6        REFERENCES .................................................................................................................................................. 59
7        ANNEXES ...................................................................................................................................................... 71
     7.1 ANNEX 1 – CONCEPTUAL FRAMEWORK .................................................................................................................................. 71
     7.2 ANNEX 2 – GENDER IN INDONESIA CONTEXT........................................................................................................................... 76

                                                                                                v
Executive Summary
In 2018, Indonesia’s poverty rate fell below 10 percent for the first time; poverty rates had halved over the
previous two decades, driven in large part by strong economic growth in the country. The rate of poverty decline
has slowed in recent years, and, despite sustained growth, a fifth of households in Indonesia are still classified as
vulnerable, living just above the poverty line. The emerging challenge for Indonesia is to translate economic
growth more effectively into lasting household prosperity and resilience in order to achieve the Government’s
objective of becoming an upper middle-income country. 1 This is now more important than ever as COVID-19 and
its economic fallout is putting Indonesia’s hard earned gains in economic growth and poverty, and the
Government’s medium-term development goal, at risk.

Continued economic growth, rather than changes in distribution, will continue to be a key driver of poverty
reduction in Indonesia. This development objective -- continued economic growth and poverty reduction -- is the
overarching objective of the Government of Indonesia’s new medium-term development plan (Rencana
Pembanguanan Jangka Menengah Nasional or RPJMN) (2020-2024). The RPJMN includes priorities on
strengthening economic resilience for quality growth, increasing the quality and competitiveness of the country’s
human resources, and improving investments in infrastructure and enabling services. The RPJMN also includes
specific priorities on gender, including targets on access to education, access to employment, health status,
violence and access to politics.

As Indonesia endeavors to recover from COVID-19 and the economic downturn, policy makers must consider all
options to ensure back-to-work transitions move beyond past rigidities and are more inclusive of women to drive
stronger economic growth. Investments in gender equality to close specific gender gaps have the potential to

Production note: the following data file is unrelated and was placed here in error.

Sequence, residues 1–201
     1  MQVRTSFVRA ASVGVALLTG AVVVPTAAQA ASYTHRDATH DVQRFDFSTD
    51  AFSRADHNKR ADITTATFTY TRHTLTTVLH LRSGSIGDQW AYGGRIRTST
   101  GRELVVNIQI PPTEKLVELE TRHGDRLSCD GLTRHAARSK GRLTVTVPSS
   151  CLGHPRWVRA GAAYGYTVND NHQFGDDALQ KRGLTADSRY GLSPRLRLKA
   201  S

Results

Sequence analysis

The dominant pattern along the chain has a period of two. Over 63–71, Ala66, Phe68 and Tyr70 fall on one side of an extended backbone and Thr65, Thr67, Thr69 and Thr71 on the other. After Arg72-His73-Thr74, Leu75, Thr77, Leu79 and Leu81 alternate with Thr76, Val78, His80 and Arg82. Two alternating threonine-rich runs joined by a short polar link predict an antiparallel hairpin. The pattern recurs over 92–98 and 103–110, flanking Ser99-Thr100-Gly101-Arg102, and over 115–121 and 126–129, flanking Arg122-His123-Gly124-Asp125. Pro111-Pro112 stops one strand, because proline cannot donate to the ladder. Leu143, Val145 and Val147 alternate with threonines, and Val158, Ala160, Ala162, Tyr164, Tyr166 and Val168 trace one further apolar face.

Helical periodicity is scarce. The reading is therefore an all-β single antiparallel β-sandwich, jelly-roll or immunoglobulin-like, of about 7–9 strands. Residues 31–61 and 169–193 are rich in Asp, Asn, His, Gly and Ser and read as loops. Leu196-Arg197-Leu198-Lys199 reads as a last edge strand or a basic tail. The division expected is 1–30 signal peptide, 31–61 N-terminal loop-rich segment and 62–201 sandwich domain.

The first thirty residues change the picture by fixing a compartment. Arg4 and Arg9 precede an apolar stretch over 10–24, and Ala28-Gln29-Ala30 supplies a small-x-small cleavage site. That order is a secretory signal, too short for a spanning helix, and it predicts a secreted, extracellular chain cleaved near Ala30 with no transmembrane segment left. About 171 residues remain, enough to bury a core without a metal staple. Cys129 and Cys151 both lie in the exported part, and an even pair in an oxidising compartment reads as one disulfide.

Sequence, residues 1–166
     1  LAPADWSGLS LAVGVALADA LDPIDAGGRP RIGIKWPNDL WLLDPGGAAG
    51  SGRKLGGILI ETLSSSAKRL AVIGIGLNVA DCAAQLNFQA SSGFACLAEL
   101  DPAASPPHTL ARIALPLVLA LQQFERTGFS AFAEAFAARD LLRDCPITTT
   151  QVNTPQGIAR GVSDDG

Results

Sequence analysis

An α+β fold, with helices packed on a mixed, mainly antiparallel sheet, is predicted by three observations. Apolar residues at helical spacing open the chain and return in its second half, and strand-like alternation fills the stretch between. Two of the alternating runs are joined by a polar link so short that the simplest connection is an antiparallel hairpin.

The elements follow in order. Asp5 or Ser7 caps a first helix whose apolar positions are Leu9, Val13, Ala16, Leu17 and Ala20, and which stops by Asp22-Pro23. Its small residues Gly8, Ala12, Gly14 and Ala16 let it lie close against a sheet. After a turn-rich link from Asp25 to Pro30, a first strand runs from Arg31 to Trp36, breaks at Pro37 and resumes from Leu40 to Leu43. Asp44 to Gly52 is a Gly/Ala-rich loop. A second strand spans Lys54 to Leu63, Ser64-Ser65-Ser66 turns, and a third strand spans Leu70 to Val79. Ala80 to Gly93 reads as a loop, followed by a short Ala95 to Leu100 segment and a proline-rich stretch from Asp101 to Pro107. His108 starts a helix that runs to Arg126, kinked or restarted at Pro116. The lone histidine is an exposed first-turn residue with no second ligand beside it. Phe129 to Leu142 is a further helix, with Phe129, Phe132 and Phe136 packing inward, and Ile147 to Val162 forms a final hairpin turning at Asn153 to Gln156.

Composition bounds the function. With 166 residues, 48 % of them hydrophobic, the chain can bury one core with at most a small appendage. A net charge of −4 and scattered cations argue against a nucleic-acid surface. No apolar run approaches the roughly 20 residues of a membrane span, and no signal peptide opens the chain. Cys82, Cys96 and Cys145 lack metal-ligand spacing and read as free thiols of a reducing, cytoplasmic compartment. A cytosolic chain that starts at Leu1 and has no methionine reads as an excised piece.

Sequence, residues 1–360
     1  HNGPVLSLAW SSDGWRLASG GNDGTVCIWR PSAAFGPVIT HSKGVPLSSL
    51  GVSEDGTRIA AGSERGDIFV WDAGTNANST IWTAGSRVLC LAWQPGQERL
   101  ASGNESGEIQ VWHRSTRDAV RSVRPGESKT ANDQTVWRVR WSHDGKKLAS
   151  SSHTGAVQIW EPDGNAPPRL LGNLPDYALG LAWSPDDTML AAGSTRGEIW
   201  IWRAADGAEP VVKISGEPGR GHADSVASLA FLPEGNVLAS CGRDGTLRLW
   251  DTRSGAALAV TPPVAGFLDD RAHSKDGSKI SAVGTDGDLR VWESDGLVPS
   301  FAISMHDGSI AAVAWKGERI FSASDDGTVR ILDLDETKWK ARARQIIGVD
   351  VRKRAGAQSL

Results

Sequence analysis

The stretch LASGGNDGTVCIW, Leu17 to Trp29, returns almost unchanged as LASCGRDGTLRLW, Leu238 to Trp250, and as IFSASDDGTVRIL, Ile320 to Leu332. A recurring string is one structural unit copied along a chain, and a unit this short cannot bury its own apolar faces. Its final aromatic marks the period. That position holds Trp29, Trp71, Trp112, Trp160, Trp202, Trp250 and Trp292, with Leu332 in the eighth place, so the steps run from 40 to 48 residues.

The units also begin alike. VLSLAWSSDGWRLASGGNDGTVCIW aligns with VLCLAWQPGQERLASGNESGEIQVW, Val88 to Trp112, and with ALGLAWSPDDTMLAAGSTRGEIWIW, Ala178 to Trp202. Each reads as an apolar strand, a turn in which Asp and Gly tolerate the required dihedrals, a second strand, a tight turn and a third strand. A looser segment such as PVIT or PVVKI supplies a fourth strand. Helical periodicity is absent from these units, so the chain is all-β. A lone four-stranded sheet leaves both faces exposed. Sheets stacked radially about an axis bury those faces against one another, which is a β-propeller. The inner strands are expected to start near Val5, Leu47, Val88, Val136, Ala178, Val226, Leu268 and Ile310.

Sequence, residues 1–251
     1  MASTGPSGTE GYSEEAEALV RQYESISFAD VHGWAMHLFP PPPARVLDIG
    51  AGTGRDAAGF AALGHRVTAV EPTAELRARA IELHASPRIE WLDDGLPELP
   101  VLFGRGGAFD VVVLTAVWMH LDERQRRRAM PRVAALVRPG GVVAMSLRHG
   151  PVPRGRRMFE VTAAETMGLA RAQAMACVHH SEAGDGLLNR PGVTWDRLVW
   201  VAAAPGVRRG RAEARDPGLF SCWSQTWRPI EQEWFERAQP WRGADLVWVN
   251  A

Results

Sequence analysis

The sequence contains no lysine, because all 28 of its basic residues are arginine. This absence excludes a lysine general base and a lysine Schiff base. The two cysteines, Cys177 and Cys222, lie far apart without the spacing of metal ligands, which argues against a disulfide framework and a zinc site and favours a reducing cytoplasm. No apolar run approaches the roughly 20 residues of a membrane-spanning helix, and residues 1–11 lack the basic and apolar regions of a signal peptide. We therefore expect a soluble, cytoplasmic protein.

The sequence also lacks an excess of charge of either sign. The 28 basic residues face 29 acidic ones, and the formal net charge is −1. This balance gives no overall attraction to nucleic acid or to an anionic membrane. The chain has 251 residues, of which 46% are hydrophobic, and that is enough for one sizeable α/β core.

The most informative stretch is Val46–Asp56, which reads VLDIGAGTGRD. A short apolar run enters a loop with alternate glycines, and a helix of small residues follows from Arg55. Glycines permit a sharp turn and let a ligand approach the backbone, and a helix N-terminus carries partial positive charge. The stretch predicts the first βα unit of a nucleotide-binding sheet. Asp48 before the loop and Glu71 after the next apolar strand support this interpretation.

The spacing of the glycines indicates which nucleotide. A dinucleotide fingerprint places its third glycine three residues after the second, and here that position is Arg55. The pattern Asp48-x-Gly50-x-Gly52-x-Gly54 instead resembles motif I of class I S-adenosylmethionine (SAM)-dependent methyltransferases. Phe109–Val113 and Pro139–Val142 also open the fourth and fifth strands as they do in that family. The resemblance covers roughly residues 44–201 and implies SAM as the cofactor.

contribute to greater economic growth for Indonesia, thereby contributing to further poverty reduction. 2
Indonesia has made significant progress on several dimensions of gender equality, including achieving gender
parity in net enrollment rates, and expanding basic health services. However, these improvements have not yet
translated into increased economic participation of women. Indonesia’s female labor force participation (FLFP)
rates have remained low and stubbornly stagnant over the last two decades, at around 52 percent (against labor
force participation rates of men around 85 percent). Boosting women’s economic participation to achieve parity
with other East Asian countries is estimated to be able to contribute to between US$125-135 billion in annual GDP
by 2025, or around 0.67 percentage points in annual growth. 3 This growth potential is significant and will be key
stimulating Indonesia’s road to recovery.

The objective of this report is to provide a broad overview of the current state of gender equality and women’s
issues in Indonesia, including in light of COVID-19; and to provide an evidence base for the Indonesian Government
on specific actions and priority responses needed to close gender gaps to drive the growth and human capital
potential of the country. Specifically, the assessment focuses on areas where demonstrated improvements in
gender equality can contribute to economic growth, both in the short term through improvements in economic
participation, but also over the medium term through investments in human capital.

Structure of the Report
The report starts by providing the assessment framework and context to understand patterns of gender equality